Retailers also expect like–for-like sales over Christmas to increase, with 64% foreseeing a significant improvement or improvement in sales compared to just 40% last year. So the shoppers who hunger for a pre-Christmas bargain could be disappointed as the early January sales just don’t seem as likely to happen this year.

Consumers see Christmas as another cost to bear

With higher mortgage repayments, rising utility bills and unstable petrol prices, it’s no surprise that some consumers are feeling nervous. Nearly half (46%) said they thought a deterioration in the economy was likely – a leap from last year’s 35%. Women are the most pessimistic of all, particularly those aged between 45 and 64 and those living in Yorkshire with more than half of each group expressing concern over the economy. Conversely, the Midlands and North East are the most optimistic regions.

If you’ve got it – spend it!

We also asked consumers about the changes that might affect their planned Christmas spend this year:

 

Family or personal circumstances

Income

Plans to save

Utility bills

Mortgage

Rent

Will affect spend

44%

31%

27%

25%

16%

15%

No change in spend

56%

69%

73%

75%

84%

85%

It seems that consumers won’t let changes to their mortgage repayments spoil Christmas with 84% suggesting that they aren’t overly concerned with another hike in interest rates. Changes in personal circumstances such as a new addition to the family and income are most likely to affect consumers. Only when there is a change to household bills would men be more likely than women to change their spending habits.

Interestingly only 31% of consumers confirmed that they would increase their spending should they receive a timely boost to their income. That said, the 16 to 24 group far exceeded the national average for wanting to spend with a staggering 50% saying a pay rise would cause them to spend more at Christmas. Understandably the 65 and over age group was more cautious with only 14% willing to spend more even after a financial boost.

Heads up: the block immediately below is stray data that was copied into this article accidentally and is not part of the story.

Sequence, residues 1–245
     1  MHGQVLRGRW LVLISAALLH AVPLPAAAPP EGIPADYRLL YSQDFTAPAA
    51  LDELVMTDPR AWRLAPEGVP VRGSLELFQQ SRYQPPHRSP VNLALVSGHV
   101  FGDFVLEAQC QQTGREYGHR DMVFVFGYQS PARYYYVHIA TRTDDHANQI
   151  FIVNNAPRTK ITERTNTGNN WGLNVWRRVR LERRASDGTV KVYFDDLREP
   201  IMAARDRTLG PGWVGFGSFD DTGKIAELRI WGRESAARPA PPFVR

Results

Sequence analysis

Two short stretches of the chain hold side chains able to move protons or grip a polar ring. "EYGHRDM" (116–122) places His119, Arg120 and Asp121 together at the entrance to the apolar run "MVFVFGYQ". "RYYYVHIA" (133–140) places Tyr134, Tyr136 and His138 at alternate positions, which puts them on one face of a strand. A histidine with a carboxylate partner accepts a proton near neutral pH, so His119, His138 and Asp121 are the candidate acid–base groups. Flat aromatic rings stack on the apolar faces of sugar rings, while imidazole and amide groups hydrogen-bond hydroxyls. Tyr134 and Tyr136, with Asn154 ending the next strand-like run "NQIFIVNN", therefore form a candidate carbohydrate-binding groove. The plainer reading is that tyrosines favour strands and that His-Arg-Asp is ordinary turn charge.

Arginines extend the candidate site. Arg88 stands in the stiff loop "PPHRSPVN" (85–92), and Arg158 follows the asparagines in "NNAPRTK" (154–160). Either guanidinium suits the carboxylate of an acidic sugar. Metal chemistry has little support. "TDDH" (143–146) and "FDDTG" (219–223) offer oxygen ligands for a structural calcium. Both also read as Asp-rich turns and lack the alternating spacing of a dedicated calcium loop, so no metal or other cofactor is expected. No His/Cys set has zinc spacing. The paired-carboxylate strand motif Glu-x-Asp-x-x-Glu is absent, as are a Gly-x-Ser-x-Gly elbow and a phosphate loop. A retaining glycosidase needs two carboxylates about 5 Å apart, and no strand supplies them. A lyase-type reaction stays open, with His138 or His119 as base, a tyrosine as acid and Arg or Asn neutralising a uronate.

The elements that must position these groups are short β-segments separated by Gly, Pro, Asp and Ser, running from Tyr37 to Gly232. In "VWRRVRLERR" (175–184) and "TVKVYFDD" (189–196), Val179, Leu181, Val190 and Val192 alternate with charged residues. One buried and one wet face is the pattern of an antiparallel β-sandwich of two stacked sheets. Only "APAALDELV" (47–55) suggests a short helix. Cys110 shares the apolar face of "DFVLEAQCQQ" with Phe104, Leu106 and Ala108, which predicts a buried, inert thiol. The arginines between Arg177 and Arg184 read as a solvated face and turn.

Industry analysis

Do unpredictable energy prices mean that the heat is on for retailers?

The volatility of the global energy markets amid growing environmental concerns will continue to take their toll on everyone’s pocket.

Companies have been harder hit this year than any other when oil prices reached record highs, although this was followed by more recent falls in prices. Energy spend is increasingly becoming a number one concern for producers of consumer goods where Chief Financial Officers are increasingly reviewing how power is bought and from whom, and how to reduce overheads with better efficiency.

Other factors such as dwindling domestic gas reserves, growing reliance on overseas supply, and the impending retirement of the UK’s nuclear fleet have added to industry’s woes. Globalisation continues to be a threat with producers in emerging economies seemingly less affected by the cost of energy consumption.

As a result, some producers have been quick to adopt bio fuel alternatives such as natural gas, combined heat and power (CHP) and biomass, taking advantage of tax breaks based on CO2 emission reductions being offered as they do so. Even so, the renewables sector contributes a tiny percentage of output to the UK’s energy mix – just 4 %.

However, the long-term effects of rising production costs are yet to be passed fully along the supply chain and consumers could well see prices rise further in 2007. With the growth of online purchasing already strong and predicted to increase, retailers could seize on the opportunity to cut energy overheads and reduce their own environmental impact by downsizing their physical presence. However, finding an acceptable solution to ensuring the security of energy supply, whilst reducing emissions and optimising affordability will continue to be both technically and politically challenging.
Tom James
Energy, Infrastructure & Utilities

Key fact
According to our survey changes to the cost of energy and utilities will affect 25% of consumers this year, stating that they are less likely to carry on spending, an opinion reenforced by 36% of retailers surveyed.

Home sweet home for most of us this Christmas